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Well, you are arguing that that 1 hit per 9 is poor, so maybe it would make sense to compare that to pitchers outside our system to prove your point if our current starters don't have enough data.

Porcello's four starts are pointless.

I didn't say "poor." It's not what I would call "poor." I said it was "high." Well, it can be "high" for a guy you're expecting to play a serviceable role on a playoff contender while still being far from "poor." "Poor" implies that he won't even make the majors, and I already stated that I think he pretty much as a floor as a 5th starter/swingman at this point.

It's hard to find lefties with a similar profile to Ray in major league rotations these days that don't have overly-dominant strikeout numbers, but are serviceable nonetheless. Matt Harrison was the closest I found (after looking way more than I wanted to because Shelton was unsatisfied), and he had a career H/9 of exactly 9.0 in his minor league career...and he struck out less than Ray, so that's potentially a good sign for Ray. Other than being injured the last two years, Harrison was very good in his age 25-26 seasons...well worth the value of giving up Fister.

But he's also only slightly better than someone like Ross Detwiler (10.2 H/9, similar walk and strikeout rates)--albeit he's slightly better at a younger age, so he has more promise going forward.

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Ray's hit rate isn't high. It is closely in line with what one should expect given his strike-out rate.

Unless he is giving up too many HR the problem isn't giving up too many hits, the problem is he is not getting enough Ks.

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I don't want any other outfielders. I want to cut hunter and Ajax and replace them with dirks and Carrera.

Hunter and Jackson have been a drag on performance, but you are really asking to roll the dice if you are going to cut either of those two and bank on Carrera.

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What is a "high" hit rate if not "poor"? It's not average, or it wouldn't be high. If it is high, it is inherently below average. Below average to me is poor.

Sorry for putting words in your mouth, Couga.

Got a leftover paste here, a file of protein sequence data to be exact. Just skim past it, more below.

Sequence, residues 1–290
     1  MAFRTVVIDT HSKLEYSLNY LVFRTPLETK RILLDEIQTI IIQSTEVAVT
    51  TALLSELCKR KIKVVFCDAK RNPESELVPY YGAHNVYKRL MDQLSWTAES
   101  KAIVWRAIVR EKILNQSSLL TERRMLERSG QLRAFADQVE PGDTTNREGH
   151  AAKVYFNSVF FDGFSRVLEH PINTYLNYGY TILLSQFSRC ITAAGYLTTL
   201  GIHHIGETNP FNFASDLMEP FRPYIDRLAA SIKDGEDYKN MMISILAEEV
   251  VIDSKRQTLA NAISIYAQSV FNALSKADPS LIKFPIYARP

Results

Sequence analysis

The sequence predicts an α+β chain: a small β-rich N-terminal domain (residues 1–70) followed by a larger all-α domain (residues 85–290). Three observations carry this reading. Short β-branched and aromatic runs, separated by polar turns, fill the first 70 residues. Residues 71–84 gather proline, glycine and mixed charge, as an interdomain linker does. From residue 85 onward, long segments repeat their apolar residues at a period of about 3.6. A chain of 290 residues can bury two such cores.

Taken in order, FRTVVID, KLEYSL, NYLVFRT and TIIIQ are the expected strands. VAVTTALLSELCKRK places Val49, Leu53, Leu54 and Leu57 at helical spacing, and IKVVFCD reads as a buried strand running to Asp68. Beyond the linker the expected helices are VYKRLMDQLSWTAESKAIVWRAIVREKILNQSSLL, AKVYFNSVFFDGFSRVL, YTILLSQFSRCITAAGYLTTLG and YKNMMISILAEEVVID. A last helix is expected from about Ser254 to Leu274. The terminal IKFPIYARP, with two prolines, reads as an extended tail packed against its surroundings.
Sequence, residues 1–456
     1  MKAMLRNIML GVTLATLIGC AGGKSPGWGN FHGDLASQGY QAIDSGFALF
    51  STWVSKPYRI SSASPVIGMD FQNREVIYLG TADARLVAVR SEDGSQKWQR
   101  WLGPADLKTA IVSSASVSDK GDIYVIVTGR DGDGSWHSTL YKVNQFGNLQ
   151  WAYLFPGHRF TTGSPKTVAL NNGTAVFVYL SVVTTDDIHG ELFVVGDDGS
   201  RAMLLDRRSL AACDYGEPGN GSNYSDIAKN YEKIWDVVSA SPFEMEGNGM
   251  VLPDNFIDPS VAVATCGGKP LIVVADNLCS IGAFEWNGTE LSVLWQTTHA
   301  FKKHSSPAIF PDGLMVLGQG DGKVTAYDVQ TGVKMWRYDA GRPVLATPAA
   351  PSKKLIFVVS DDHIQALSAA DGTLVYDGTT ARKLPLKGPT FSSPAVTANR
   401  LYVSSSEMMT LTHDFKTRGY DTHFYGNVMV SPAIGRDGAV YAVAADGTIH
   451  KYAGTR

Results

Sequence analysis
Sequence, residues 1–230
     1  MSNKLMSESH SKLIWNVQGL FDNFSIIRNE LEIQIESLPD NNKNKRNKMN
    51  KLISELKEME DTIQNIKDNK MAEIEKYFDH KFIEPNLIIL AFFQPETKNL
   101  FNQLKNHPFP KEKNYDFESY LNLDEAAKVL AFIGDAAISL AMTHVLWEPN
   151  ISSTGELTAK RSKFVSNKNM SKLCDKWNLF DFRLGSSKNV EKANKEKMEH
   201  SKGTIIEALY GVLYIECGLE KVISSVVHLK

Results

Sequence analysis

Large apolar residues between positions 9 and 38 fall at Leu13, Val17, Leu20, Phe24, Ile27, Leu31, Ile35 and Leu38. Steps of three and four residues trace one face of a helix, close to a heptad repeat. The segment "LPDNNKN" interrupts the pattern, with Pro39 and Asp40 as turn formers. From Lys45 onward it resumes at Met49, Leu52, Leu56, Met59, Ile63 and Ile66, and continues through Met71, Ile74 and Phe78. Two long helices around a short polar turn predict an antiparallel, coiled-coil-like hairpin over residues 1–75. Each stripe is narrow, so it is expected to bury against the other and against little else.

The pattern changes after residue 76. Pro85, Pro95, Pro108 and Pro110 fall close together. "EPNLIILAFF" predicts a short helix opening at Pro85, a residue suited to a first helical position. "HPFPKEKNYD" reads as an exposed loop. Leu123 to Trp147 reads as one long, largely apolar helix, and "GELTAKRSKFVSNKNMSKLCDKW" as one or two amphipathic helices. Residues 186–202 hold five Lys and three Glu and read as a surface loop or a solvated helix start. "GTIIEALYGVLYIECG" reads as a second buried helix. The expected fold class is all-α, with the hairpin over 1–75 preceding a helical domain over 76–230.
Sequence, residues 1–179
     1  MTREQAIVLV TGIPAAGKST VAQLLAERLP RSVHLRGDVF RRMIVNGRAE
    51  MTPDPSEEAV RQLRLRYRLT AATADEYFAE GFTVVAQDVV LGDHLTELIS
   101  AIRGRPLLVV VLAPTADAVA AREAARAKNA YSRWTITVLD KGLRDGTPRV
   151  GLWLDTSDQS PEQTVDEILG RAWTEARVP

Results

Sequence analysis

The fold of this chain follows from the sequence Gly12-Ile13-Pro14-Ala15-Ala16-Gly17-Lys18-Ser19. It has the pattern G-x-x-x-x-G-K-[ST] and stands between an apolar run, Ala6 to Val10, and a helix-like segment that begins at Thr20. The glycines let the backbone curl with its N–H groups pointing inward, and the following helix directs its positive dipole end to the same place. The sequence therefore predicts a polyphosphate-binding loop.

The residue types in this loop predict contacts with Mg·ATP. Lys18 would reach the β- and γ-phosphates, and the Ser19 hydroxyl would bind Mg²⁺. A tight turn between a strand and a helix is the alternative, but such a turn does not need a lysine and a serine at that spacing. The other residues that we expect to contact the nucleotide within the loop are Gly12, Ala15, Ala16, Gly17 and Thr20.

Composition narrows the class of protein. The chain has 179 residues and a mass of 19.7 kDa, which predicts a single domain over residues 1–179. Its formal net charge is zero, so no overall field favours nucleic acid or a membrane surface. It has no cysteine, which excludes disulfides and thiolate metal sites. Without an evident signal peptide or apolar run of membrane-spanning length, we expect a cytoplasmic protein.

Anyway, I think the point is, hits/9 is a stupid stat to consider when looking at minor league pitchers.

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Ray's hit rate isn't high. It is closely in line with what one should expect given his strike-out rate.

Unless he is giving up too many HR the problem isn't giving up too many hits, the problem is he is not getting enough Ks.

BABIP isn't completely out of the pitcher's control, though. A lot of it is, but it can't be completely ignored.

You are right though in that his K/9 is a lot more of a concern. At 7.0 in AAA, it will probably drop to a level at MLB that would make him unattractive to a playoff contender. Of course, he will probably improve in the next year or two.

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Hunter and Jackson have been a drag on performance, but you are really asking to roll the dice if you are going to cut either of those two and bank on Carrera.

At least he would get to and catch the ball.

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What is a "high" hit rate if not "poor"? It's not average, or it wouldn't be high. If it is high, it is inherently below average. Below average to me is poor.

Sorry for putting words in your mouth, Couga.

Anyway, I think the point is, hits/9 is a stupid stat to consider when looking at minor league pitchers.

High is anything below average. Poor to me means that it's a huge problem. Like Crosby's or Oliver's walk rates. Those were poor. I don't think Ray is poor at any aspect of the game so far, which is why he already has a higher floor (and lower bust rate, IMO) than either of these "prospects" that we once had. But he doesn't stand out in any one area, either. He's unlike most other recent Tigers prospects--who seem to be guys with dominant fastballs/K-rates, but have big holes in their game otherwise that we hope to "solve" by the time they get to the majors. We're like that girl that's always trying to tame the bad boys with love...well now we finally got a reliable guy that's not completely sexy in any way, but he covers all the bases and is more steady-as-she-goes. Which is fine by me.

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What kind of defense do they have at Toledo? That would also need to be considered.

I calculate Robbie's BABIP at Toledo to be .320. I believe he has allowed 63 non HR hits and I believe he has 134 instances where a ball was put into play resulting in at least 1 out.

If his BABIP were say .290, he would have allowed 55 non HR hits (instead of 63) per 134 instances of a ball in play resulting in at least an out. Assuming he still allowed his 3 HR in this hypothetical and keeping his IP the same, his H/9 would drop to 8 from 9, and his WHIP would also drop roughly .12.

I've changed my position somewhat and I think his hit rate has been at least partially a function of a relatively poor BABIP.

Edited by Mr. Bigglesworth

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The more I read about the hitters who might be traded...it appears there will be many suitors.